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I managed to save a few set lists. I appreciate them so much more now, having been in a few bands since then.

Morrissey's blouse from Clickimin Centre, Lerwick, Scotland, fall 1985.
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I was dancing on stage (The Smiths always encouraged crowd participation and enjoyed blurring artist-fan boundaries), and with amazing luck and timing, Morrissey ripped off his shirt, buttons flying everywhere, and handed it to me. This is one of my most treasured possessions.

I think I picked this up at the end of that tour. If I was ever around at the end of a tour, I'd usually help clean up a little, and people would ask me if I wanted any souvenirs that would otherwise have been tossed in the trash. Needless to say, my healthy hoarding practices began with The Smiths, and I have no regrets! The supporting band on this tour was Easterhouse, and they were on Rough Trade, the same record label as The Smiths.

Various ticket stubs.
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Later on, I had a photo pass, so I didn't really receive tickets anymore (saving money and paper, which is good). So if I saw strays on the floor, I'd pick them up; sometimes friends had doubles and were nice enough to give me their spares. I guess I've always been a "collector."

Hand-painted Smiths poster from Inverness, Scotland, show, October 1, 1985.

My friends Tony Cohen and Tim Hailand helped me rip this poster down off a wall in the wee hours of the morning—stealth! I think Tony has a similar one from the Glasgow Barrowlands show on September 25, 1985. I met graffiti artist Pose recently, and he asked me if he knew how [labor-intensive] it was for someone to create this poster. Of course I had no idea, but I do now!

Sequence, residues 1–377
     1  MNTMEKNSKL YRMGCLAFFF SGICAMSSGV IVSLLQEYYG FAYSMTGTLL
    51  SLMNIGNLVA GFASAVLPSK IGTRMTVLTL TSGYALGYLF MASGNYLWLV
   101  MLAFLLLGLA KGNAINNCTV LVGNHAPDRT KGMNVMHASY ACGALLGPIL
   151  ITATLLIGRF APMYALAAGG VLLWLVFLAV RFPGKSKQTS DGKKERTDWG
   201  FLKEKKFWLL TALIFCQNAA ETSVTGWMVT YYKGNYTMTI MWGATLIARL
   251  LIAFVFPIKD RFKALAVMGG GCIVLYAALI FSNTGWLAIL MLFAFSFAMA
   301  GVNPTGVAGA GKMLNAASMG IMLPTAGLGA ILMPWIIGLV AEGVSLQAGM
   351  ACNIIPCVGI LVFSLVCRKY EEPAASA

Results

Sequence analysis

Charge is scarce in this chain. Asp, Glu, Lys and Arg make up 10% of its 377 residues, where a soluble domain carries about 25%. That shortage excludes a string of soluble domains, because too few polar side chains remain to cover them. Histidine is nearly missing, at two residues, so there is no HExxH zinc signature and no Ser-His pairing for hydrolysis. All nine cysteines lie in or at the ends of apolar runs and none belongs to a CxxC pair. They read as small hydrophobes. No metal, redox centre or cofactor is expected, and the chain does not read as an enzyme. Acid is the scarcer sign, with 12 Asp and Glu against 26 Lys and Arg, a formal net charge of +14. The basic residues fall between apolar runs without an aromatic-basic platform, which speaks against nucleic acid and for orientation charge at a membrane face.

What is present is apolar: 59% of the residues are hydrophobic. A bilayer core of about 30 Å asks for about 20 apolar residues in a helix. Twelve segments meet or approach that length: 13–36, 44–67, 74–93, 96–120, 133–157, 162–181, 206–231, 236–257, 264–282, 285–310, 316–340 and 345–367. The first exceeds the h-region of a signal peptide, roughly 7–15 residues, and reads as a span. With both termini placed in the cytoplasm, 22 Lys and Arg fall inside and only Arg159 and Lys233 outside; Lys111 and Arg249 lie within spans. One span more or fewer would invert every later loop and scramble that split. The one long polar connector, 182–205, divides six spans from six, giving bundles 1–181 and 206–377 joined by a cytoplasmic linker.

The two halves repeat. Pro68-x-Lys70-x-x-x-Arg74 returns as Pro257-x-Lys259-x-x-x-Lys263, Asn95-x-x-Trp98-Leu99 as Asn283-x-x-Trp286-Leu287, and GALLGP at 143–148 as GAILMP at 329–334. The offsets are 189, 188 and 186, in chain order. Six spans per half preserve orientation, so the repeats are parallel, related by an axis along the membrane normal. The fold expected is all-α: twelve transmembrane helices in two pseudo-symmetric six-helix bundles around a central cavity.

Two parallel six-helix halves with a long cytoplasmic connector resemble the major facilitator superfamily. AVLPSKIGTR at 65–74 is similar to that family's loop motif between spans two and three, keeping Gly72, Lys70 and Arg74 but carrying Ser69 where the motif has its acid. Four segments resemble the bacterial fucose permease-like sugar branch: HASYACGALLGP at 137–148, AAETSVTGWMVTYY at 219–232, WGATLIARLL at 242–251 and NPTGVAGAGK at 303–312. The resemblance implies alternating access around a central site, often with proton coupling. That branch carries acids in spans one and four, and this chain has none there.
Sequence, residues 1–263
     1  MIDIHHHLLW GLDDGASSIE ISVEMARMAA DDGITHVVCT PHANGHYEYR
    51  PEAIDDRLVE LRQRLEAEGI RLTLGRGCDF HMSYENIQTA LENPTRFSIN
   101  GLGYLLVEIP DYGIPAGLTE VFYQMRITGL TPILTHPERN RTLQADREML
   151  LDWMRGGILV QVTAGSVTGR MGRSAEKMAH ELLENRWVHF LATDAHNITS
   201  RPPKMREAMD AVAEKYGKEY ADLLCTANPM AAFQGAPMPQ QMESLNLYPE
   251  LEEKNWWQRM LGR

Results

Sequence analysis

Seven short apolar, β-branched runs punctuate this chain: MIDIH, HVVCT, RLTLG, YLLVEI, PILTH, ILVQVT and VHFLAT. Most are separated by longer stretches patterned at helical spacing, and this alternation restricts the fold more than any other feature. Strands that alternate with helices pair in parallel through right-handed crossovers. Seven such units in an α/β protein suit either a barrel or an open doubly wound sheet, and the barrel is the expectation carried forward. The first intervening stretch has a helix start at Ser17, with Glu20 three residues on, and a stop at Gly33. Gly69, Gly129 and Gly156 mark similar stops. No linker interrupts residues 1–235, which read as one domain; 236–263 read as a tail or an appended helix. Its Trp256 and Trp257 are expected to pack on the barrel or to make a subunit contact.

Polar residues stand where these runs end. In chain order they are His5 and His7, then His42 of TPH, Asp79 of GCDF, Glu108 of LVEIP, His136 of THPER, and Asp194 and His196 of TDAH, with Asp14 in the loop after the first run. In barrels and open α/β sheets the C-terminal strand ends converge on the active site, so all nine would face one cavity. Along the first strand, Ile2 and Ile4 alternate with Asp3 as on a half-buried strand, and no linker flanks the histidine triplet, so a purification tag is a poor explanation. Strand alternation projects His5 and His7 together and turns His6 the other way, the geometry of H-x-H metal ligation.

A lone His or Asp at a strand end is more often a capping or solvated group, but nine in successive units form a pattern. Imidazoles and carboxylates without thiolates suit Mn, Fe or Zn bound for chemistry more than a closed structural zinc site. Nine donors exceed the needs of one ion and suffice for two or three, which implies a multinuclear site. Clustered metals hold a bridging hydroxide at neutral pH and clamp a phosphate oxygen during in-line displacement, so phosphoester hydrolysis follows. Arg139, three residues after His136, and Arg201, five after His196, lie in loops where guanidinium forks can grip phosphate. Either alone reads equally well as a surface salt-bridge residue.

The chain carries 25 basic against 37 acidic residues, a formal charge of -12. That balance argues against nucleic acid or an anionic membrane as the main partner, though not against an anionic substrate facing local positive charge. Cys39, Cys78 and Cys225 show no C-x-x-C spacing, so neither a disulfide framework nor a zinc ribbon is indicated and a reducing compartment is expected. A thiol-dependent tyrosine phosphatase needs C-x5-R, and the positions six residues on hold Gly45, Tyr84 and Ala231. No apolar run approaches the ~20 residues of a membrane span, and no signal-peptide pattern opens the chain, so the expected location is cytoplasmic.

Morrissey in Scotland, September 24, 1985.
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One of my favorite shots: A rare picture of Morrissey smiling, amongst his fans and crew, holding presents and flowers. I love this photo because it dispels any popular notion of Morrissey as "gloomy" or "miserable." I always found him gregarious and welcoming, as did many other people I met along my journey.

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This was taken on one of the last U.S. shows ever. Johnny Marr was always moving, interacting with the other instrumentalists, while Morrissey was doing his own thing, with the crowd. I always felt glad when I could capture those dynamic moments.

I refer to this roll of film as "the magic roll." All the pictures here seemed to capture the best light and motion of everyone. When I first went back to look at these negatives I honestly couldn't believe that, at 17 years old, I had had such amazing luck. I definitely considered myself a photography novice back then, only having taken a couple of photography courses in high school. I showed a bunch of these photos to Johnny, Morrissey, and then-tour manager Sophie Ridley for the next tour program in Scotland.

Ridley suddenly parted ways with The Smiths, and after that, I never had the courage to approach the band again with my work. The next tour program had the same photos as the last. A missed opportunity, perhaps, but I'm much happier that this project is coming out now, rather than 30 years ago. I've had a lot of time to reflect on my unique experience, and now I'm finally ready to share it with others. It's the 30th anniversary of The Queen Is Dead album, and there definitely seems to be a collective resurgence in The Smiths's history and legacy, which is fantastic.

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See more of Nalinee Darmrong's photographs of The Smiths on tour, as well as her collection of memorabilia, in her new book, The Smiths, out now. For more info, visit rizzoliusa.com.